ABERDEEN PROVING GROUND, Md. — What is a leader? The Webster Ninth Collegiate Dictionary’s first definition of the word leader is “something that leads”; not especially helpful. However, we can glean more information by taking a closer look at what it means to be a leader.
Being a leader is more than just a position. Being a leader takes knowledge, planning, cooperation, coordination, communication, determination, and confidence. All of the best leaders utilize these skills in different ways during their day-to-day duties and those skills can be practiced to shape the best leaders of tomorrow.
For instance, the U.S. Army Evaluation Center, or AEC, has stood up an Emerging Leaders Cohort, or ELC, to provide future leaders a venue to effectively practice these skills. They’ll have the opportunity to apply their leadership abilities, interface with current senior leaders, and hone their potential in a supportive and engaging environment. This ELC will give future leaders a massive head start towards effectively leading through challenging issues in our uncertain future.
The Army Test and Evaluation Command Sgt. Maj. Andrew Connette thinks that “leader development is something the Army does better than anybody else. It is one of the four pillars of Readiness, Readiness [emphasis added] being the [Army Chief of Staff’s and U.S.] Army’s number one priority.”
He explained that today, Army leaders face a rapidly evolving environment, and successful Army leaders— whether military or civilian— are comfortable with and thrive in ambiguity.
“To be decisive in that state, thinking rapidly through second and third order effects of the decisions they may make… leaders need to gain experience through repetition in critical thinking. Members of the ELC cohort will gain valuable experience in critical thinking, collaboration, risk taking and communication skills,” Connette said.
He also said members of the ELC will be exposed to and interact with different levels of senior leadership.
“This interaction can provide terrific insight into those leaders’ thoughts on leadership; the impact of the decisions they have made; and allow them to explore the decision making process through past experiences. Cohort members will gain experience in leading through change and conflict resolution,” Connette said. “These are some of the most challenging roles a leader must take on and I am glad to see it part of this program.”
The Army, and defense acquisition community as a whole, faces ever increasing challenges. The areas of cybersecurity, autonomy, information technology, networking, sensors, and connectivity are rapidly expanding. The workforce of the future will need to possess the skills necessary to address these areas quickly and effectively across diverse teams.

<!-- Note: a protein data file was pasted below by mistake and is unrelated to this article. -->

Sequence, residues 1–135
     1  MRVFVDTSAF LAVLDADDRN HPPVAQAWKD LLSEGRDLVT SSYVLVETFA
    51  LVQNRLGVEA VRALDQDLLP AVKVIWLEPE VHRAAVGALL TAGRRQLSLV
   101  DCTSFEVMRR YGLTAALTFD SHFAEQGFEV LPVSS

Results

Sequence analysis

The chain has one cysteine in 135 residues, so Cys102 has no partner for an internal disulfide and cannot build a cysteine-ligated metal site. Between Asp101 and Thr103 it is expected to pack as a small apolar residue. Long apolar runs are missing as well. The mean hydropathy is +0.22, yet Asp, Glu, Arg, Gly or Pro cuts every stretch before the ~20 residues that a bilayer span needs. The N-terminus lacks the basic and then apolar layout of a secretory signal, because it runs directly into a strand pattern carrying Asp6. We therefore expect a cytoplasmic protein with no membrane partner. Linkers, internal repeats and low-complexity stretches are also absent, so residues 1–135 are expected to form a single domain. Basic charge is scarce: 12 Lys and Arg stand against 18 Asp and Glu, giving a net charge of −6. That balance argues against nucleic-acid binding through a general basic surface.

AEC Technical Director, Deirdre Sumpter, honed in on the social aspects of leadership during her presentation to AEC’s ELC by saying that “leaders should get to know themselves and build on their people skills because great leaders motivate others.”
The ELC provides a supportive environment where the participants are able to discover their own strengths, weaknesses, and blind spots, which are critical to leader development, with formal training, assessments, and executive coaching. A leader who knows his or her self is better able to effectively motivate a team and to engage cooperatively across organizations.
Program Executive Office for Intelligence, Electronic Warfare & Sensors Acting Deputy PEO, Steve Bucci, also accentuated the cooperative nature of effective leadership. Bucci started his presentation to the AEC ELC by leading a roundtable discussion that dove into defining leadership attributes. Empathy, influence, and self-reflection became central topics during the discussion which transitioned into Bucci giving the ELC a peek into current issues facing senior Department of Defense leaders. He did a fantastic job connecting how those attributes would help an emerging leader succeed.
The emerging leaders within the ELC’s inaugural class already have an outstanding track record of success. There are leaders from the automotive arena with experience in operational tactics and mobility assessments. There are leaders from the chemical, biological, radiological arena with experience in advanced sensors and laboratory operations. There are leaders from the cybersecurity arena with experience in adversarial intrusions and penetration analyses. There are leaders from the suitability arena with experience in logistic demonstrations and statistical rigor.
The discussions amongst the ELC are some of the greatest benefits of the program. The individual and group projects are being used at the highest levels within AEC to move the whole organization forward strategically. Each one of the ELC members is greatly influencing the future of AEC as well as the surrounding community and both will only be better for it.
AEC Director, James Cooke, brings his own philosophy and support to the ELC. He has sat in on several ELC meetings and emphasized his ideal of servant leadership. He has stated that the focus for leaders shouldn’t be on day-to-day operations, but on the community and the benefits their organization has on that community. This perspective ensures that people, both internal and external to the organization, are given the best opportunity to succeed and grow.
The servant leadership approach requires implementing soft-skills to examine the second- and third-order effects beyond the tasks at hand. It can run counter to established practices. But in challenging the status quo, you can end up with a healthier and more productive system that performs at the highest levels.
The ELC is redefining what it means to be a leader in the acquisition community and the future is looking bright for AEC and the U.S. Army.